Sunday, June 14, 2020

Chalk Revisions

My new routines include posting a poem every morning in June in three ways: in chalk on a chalkboard beside my front stoop, on Instagram, and on Facebook. 

What I’ve discovered is that I make chalk revisions, adapting the poem to how it looks and feels on the green chalkboard, how it fits there. This causes a few changes in line break and word choice. This surprised me but was oddly appropriate to the “now” we are living in, containing constant changes in a kind of suspended time that makes me constantly attentive to the present moment. So, moments ago, yesterday’s handwritten poem about the lavender-colored clematis blooming in my yard was adapted into chalk without the word “clematis” in it and with a line that has colors at both ends.

Tiny Meditation

I gaze at a pale
purple bloom on a white
trellis made of thread
upon a wooden fence.

In all its versions, it reminds me a bit of the William Carlos Williams poem with the white chickens. Probably because of brevity, the color white, and the word “upon.”

Another new routine involves masks. I have two masks, both handmade by volunteers, one provided by my workplace, one requested from a friend before I went back to work. It’s good to have two, so I can wash them after each day’s use and leave one to hang dry while I wear the other. I have two little fabric bags for carrying them, and these I also wash after each use. I can carry my mask in the fabric bag in the car, on my way to the grocery store, or in my hand as I walk to work in a scarf or bandana, tied and arranged to be pulled up quickly if I meet someone on the sidewalk as we cross Sugar Creek together and can’t step six feet politely aside.

No lipstick. It would get on the mask. Lipstick in Zoom sessions, to help you read my lips.

We all wear masks at work in the closed library. We wash our hands frequently and use hand sanitizer. I feel like a doctor or nurse now, walking into the room and washing my hands first thing. I had my annual wellness appointment with my doctor, as well as a previously scheduled dental appointment, following the new protocols. Temperature at the door, a series of questions to answer, masks. At the doctor’s office, the nurse gave me a heads-up to keep my mask secure, the doctor is a stickler (yay!), and I made sure my glasses secured my mask above my nose. At the dentist, the hygienist wore her usual mask and face shield but had adapted the cleaning to avoid excess water spray. The dentist did his usual handwashing but not his usual handshake! And wore a mask.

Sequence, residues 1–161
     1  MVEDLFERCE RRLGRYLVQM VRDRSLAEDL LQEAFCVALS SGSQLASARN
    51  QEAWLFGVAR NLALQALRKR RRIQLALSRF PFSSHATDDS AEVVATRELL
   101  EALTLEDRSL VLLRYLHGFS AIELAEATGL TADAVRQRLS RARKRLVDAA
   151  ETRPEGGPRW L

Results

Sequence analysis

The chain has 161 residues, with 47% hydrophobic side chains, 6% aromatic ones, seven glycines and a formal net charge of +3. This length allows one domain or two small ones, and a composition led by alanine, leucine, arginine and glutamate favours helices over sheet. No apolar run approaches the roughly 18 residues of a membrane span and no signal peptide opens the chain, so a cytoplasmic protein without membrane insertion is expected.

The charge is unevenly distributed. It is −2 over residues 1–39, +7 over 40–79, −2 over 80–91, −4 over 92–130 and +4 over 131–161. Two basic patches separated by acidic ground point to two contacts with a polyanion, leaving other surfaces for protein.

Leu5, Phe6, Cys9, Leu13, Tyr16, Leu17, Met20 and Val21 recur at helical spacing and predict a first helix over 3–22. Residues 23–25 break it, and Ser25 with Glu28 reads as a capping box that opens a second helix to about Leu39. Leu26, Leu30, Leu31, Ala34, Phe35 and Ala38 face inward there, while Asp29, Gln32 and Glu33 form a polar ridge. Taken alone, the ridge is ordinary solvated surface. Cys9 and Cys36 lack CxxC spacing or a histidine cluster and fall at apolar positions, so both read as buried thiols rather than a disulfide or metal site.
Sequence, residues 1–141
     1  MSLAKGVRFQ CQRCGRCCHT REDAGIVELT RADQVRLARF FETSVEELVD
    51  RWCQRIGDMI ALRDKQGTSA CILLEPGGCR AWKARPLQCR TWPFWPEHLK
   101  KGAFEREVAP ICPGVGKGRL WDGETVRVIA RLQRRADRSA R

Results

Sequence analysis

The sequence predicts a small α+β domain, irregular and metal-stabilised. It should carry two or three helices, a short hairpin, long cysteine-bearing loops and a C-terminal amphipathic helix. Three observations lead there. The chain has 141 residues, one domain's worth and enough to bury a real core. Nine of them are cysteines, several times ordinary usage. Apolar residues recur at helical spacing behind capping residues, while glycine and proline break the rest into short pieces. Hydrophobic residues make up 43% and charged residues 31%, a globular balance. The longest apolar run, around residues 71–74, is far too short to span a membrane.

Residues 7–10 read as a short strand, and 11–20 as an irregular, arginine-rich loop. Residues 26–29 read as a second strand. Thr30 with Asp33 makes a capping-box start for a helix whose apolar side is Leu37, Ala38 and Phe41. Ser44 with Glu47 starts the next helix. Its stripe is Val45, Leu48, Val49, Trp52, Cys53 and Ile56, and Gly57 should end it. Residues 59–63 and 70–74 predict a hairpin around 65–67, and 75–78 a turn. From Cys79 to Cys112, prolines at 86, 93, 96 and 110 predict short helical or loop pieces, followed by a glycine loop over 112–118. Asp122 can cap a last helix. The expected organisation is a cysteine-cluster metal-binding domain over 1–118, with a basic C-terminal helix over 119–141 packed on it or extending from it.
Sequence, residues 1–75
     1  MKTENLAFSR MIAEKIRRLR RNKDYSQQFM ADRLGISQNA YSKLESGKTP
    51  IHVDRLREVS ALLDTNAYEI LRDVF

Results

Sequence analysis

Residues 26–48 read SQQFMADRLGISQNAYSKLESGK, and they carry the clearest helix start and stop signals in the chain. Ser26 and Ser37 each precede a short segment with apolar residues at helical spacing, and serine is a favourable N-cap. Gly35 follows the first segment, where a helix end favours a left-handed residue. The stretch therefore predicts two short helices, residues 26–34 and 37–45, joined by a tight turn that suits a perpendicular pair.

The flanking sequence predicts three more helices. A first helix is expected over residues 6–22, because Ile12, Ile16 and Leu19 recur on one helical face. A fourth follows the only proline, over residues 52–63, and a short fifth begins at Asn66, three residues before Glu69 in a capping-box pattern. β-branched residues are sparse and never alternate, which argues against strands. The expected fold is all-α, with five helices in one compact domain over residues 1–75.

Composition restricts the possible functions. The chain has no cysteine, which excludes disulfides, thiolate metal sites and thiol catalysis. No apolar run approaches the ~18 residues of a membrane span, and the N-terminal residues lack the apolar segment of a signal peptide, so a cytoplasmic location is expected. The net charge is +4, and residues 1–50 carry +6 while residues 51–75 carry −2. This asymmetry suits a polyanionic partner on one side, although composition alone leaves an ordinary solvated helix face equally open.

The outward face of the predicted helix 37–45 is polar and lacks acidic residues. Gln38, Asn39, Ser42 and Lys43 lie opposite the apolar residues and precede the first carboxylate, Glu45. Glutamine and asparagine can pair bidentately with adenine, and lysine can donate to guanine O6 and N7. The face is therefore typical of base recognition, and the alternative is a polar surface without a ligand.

One of my daily chalkboard poems was about masks. So was another, one I chose not to put up, as it seemed too harsh and might upset the mail carrier. But you can probably handle it:


If you don’t wear a mask         
you reveal who you are

in more ways than one.

It is a little mean and glib. (And, oddly, it reminds me of a line from one of the Batman movies.) But, really, that’s what’s going on around here, out there, many people not wearing masks, thinking it’s all over, we’re all OK. Friends and co-workers are experiencing it out in the world and are worried. My parents decided not to go to an outdoor restaurant with friends when they saw how crowded it was, how few people were wearing masks, how some were sitting indoors… I’ve only seen my parents four times since March 13, in their back yard or their huge great room, six feet apart. A friend from Chicago came to town, and I visited with him outdoors and at the proper distance, no hugging.

Sigh… Yes, constant chalk revisions of our very lives. Chalk circles now on park greens to designate areas to sit in the sun. Pink chalk hearts on the street to show where to stand for the Pride Month Pulse memorial event.

But don’t be fooled, the virus hasn’t been erased.

1 comment:

Sue Thornquist said...

so much depends

a red wheel

glazed with rain

beside the white

*I taught this poem for so many years and even had students write an imitative "so much depends upon" poem to create an evocative image. They were delightful.